Lake Harris is located on Yellow Creek and was one of two reservoirs for drinking water for the city of Tuscaloosa. The dirt entrance road is three miles in length and passes through a considerable stretch of early second-growth scrub. Prairie Warblers, Yellow-breasted Chats, Eastern Kingbirds and Blue Grosbeaks are quite abundant from April through September. You will find Field Sparrows, Eastern Towhees, Eastern Bluebirds, American Goldfinches, and Gray Catbirds on a permanent or nearly permanent basis. The second-growth habitat predominates on the left (southeast) side of the road, while there is mixed-age pine-oak woods along the right (northwest) side.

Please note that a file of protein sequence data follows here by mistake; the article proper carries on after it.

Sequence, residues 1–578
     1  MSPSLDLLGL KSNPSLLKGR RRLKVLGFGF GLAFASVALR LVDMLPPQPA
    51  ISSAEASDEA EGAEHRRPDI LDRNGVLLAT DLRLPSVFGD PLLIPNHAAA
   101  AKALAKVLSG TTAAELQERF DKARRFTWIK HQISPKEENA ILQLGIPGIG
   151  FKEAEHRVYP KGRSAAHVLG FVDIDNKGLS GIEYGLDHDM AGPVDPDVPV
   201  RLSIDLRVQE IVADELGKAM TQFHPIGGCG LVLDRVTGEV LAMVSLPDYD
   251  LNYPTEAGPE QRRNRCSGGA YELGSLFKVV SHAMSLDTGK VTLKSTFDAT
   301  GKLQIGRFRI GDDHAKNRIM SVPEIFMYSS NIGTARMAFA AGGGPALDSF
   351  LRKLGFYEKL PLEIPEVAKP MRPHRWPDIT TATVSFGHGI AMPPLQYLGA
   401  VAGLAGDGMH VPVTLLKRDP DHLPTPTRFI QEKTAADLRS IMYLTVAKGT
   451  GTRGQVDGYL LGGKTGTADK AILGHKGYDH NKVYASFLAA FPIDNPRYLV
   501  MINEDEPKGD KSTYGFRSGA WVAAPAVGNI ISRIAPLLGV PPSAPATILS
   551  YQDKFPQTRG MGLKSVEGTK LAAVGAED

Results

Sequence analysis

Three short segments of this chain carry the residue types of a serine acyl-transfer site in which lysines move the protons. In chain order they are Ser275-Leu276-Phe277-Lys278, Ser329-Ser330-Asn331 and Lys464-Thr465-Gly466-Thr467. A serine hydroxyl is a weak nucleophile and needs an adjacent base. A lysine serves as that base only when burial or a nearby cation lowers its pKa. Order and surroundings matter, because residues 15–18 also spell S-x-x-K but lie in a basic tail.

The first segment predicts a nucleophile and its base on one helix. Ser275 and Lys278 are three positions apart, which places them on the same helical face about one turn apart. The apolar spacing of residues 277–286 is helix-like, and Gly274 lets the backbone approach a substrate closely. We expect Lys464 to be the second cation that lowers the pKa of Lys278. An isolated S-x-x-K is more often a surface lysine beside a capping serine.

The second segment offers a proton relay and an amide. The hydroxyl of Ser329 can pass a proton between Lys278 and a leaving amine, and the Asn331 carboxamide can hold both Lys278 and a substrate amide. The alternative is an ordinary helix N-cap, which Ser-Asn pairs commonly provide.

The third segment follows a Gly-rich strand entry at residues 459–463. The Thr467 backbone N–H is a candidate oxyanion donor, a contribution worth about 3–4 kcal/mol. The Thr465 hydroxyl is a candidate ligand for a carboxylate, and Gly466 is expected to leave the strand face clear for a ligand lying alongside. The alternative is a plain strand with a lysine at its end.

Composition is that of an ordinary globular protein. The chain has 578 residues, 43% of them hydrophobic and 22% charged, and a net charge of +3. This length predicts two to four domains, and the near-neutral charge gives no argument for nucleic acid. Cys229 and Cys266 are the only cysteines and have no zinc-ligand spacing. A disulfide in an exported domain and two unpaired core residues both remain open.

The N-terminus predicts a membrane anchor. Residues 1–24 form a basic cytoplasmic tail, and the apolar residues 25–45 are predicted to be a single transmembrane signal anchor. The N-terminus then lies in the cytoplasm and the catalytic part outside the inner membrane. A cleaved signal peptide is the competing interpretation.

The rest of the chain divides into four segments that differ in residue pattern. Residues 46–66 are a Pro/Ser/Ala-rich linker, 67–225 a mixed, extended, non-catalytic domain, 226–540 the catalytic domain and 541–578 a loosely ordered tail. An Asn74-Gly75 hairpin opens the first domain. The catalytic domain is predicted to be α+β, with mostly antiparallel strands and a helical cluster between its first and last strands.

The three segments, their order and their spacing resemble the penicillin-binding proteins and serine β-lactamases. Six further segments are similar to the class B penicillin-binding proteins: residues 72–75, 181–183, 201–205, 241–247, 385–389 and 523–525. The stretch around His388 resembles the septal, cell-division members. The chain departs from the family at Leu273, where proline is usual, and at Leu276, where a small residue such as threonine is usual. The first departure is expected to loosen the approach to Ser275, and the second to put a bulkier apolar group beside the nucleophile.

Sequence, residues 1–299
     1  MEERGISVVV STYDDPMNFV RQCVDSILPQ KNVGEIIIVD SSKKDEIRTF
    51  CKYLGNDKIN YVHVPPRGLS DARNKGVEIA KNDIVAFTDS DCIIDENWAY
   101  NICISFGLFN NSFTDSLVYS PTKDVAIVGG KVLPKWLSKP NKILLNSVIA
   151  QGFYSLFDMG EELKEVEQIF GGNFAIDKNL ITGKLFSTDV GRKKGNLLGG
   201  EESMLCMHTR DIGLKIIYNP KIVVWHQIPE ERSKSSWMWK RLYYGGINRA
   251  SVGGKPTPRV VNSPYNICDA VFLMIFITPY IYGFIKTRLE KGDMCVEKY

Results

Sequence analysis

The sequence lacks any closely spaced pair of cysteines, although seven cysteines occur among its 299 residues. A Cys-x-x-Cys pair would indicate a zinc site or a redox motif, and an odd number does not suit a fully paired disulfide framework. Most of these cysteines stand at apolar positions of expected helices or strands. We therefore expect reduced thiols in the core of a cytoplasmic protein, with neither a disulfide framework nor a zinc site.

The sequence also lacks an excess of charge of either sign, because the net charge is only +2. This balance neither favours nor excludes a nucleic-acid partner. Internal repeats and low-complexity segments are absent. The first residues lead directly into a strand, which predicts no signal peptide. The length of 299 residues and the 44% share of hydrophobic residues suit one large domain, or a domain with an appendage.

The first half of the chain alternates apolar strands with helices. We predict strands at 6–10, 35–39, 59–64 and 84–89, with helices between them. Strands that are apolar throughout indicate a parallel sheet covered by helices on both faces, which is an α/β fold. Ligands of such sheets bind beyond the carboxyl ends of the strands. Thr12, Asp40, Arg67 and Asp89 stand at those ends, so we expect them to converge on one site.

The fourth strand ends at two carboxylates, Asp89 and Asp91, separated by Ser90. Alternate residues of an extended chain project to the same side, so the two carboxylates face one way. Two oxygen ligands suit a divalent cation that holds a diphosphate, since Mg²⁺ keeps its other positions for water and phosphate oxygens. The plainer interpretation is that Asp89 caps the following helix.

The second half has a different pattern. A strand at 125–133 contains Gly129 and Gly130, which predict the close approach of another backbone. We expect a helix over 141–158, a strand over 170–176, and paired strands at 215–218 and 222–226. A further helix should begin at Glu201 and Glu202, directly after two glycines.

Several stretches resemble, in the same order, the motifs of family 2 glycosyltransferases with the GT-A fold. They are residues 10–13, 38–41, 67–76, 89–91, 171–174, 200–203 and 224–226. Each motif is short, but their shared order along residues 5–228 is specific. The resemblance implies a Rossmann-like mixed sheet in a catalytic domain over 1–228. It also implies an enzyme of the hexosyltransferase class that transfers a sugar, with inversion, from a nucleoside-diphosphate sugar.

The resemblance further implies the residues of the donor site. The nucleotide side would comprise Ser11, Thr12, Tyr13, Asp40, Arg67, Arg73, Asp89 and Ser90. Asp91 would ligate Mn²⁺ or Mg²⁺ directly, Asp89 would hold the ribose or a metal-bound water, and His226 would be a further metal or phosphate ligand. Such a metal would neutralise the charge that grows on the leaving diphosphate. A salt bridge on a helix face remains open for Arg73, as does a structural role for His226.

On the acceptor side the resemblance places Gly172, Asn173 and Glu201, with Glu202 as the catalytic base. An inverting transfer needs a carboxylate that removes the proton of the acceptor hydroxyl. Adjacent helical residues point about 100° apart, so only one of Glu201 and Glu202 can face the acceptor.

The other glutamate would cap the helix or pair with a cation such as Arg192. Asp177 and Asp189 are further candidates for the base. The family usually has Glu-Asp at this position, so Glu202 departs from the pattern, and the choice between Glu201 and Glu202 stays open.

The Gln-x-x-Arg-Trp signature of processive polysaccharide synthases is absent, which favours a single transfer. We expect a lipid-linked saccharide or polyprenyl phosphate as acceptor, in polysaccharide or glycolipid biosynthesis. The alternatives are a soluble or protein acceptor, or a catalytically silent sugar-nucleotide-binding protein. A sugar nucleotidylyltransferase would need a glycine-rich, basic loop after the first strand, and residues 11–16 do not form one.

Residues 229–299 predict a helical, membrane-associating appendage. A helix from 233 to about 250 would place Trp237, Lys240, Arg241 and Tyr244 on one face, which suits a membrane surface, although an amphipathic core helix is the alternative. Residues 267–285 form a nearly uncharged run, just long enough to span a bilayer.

The taller, more mature woods have a broad range of songbirds from Wood Thrushes and Hooded Warblers to Red-eyed Vireos, Orchard Orioles, Summer Tanagers, Black-and-white Warblers and most of the state’s native woodpeckers. Red-tailed Hawks and Great Horned Owls hunt the open areas. The road’s edge should be an excellent location for Chuck-will’s-widow, and short-grass open areas adjacent to dense woods may be good for American Woodcocks from mid-winter through spring. Learn more about this West Alabama Birding Trail site here.
Address: Lake Harris Rd Tuscaloosa, AL 35406
Latitude: 33.2710878 | Longitude: -87.4704474
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